Pistons fans expected the team to develop their young core this season. Instead, they’re witnessing a 20-year-old, first round pick getting well acquainted with the bench.
On December 13th, 2020, the Detroit Pistons beat the New York Knicks for their first victory of the preseason. They were led by a young forward with a heavy French accent, Sekou Doumbouya. He also happens to be the teams first round selection in the 2019 NBA Draft. Doumbouya recorded 5 rebounds, 2 blocks, and 23 points on 8/11 shooting.
“Everybody say the second year is easier, and I learned a lot in my first year” Sekou said in his postgame interview. Basket cuts, 3 pointers, and trips to the free throw line were all working for him that Sunday night in December. As a result, Pistons fans were beaming with optimism for their young frenchmen that was selected with the 15th overall pick a year ago.
Fast forward to January 13th, and Detroit swallows their 3rd loss of the season to the Milwaukee Bucks, 110-101. When you look at the box score you will see Jerami Grant posted another 20 point game, but what stands out the most is the ‘DNP’ next to Sekou Doumbouya’s name. Exactly one month later, and the 20 year old went from being a player that led the Pistons to a win, to not even checking into a contest.
So what happened in that 30 day span that is leaving much of the fanbase wondering why they aren’t seeing what they hope to be the future of the franchise? “Players who get playing time, earn their playing time” said Dwane Casey in a press conference earlier this month. Sekou has only logged 20 plus minutes in a game one time this season. Along with one healthy scratch, he also has 10 or less minutes played in 7 of his 12 games.
Finding His Role
Sekou Doumbouya just turned 20 years of age last month and is already in his sophomore season in the NBA. His potential combined with his athleticism make him an ideal fit for a rebuilding squad like the Detroit Pistons. Although he was drafted as a small forward out of France, he has played the majority of his NBA minutes at power forward. The ability to play multiple positions make Doumbouya an appealing prospect, yet there are stretches where he looks lost.
Standing at 6 feet 8 inches tall and weighing 230 pounds are measurable’s that any NBA athlete would love to possess. It gives you the ability to slash to the basket, post up, and knock down tough jump shots. However, Doumbouya hasn’t gravitated towards any one of those playing styles. He is shooting 36% from behind the 3 point line, but only on 1 and half attempts per game. Throw in 34% from the field, 2.4 RPG, and 4.3 PPG, it is evident Sekou isn’t doing one thing particularly well.
Lack of confidence may be what is contributing to this issue. At one point in his rookie season Doumbouya was thrusted into the starting lineup because of a Blake Griffin injury. He drew matchups against players like LeBron James and Kawhi Leonard and played 30 plus minutes. You could see how he was thriving in the spotlight. Stepping up to guard some of the league’s best players while at the same time posting double digit scoring was no easy task for him. Sekou was playing the role of a very athletic stretch four. He would camp outside the arc and knock down a three pointer if given the chance. When his defender cracked down on him, he would drive to the lane and collapse the defense.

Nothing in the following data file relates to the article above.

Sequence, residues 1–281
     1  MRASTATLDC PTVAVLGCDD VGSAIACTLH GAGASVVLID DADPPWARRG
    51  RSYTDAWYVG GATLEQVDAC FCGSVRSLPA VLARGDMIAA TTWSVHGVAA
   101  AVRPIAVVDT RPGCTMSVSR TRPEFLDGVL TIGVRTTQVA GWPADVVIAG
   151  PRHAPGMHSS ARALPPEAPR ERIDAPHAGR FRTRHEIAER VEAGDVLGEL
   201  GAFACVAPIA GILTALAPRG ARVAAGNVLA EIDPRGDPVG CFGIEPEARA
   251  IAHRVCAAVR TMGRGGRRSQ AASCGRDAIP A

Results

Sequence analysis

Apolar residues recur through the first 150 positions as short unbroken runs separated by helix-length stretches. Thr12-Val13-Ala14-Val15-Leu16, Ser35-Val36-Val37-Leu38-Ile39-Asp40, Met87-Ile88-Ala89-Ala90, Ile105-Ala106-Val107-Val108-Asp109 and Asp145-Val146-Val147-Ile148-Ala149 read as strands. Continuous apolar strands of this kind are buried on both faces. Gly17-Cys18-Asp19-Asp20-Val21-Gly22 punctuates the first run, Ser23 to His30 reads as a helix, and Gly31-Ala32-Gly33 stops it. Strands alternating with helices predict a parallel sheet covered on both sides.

Now Pistons fans are seeing a shell of their young forward. Many times Doumbouya can be seen not touching the ball once during offensive possessions. He sometimes struggles to rotate on defense. Along with that, he coughs up silly turnovers by trying to do to much off the dribble. Bad shot selection and missed layups are showing the lack of confidence Sekou has during his limited role.
Trial and Error
The Detroit Pistons are in rebuild mode. A rebuild in today’s NBA consists of losing a lot of games while developing young players. Right now, Coach Dwane Casey is accomplishing only the first half of that sentence. Sure rookies like Isaiah Stewart and Saddiq Bey see the floor, but Sekou needs to be a part of that group as well. Casey instead chooses to play a 31 year old Blake Griffin 30 plus minutes.
It shouldn’t matter whether or not Sekou Doumbouya is struggling to find his role on this team. It is Dwane Caseys job as coach to help him find it by throwing him into the fire just as he did last season. The only thing Sekou’s lack of playing time is doing right now is frustrating the fan base.
The Pistons are going to lose a lot more games this season. They are probably going to trade away Blake Griffin and Derrick Rose at some point. So why are relevant players, like Doumbouya, not getting valuable experience, while veterans that won’t be on the roster in a couple months are playing in irrelevant games?
A realization needs to be made by the coaching staff that Sekou is here to stay. General manager, Troy Weaver, loves players with his stature and athleticism, so it is hard to imagine him dealing Doumbouya. At this point, Sekou Doumbouya failing to perform well while logging sufficient minutes, is much better than him not playing period. It may just make a difference in the Pistons having a successful rebuild.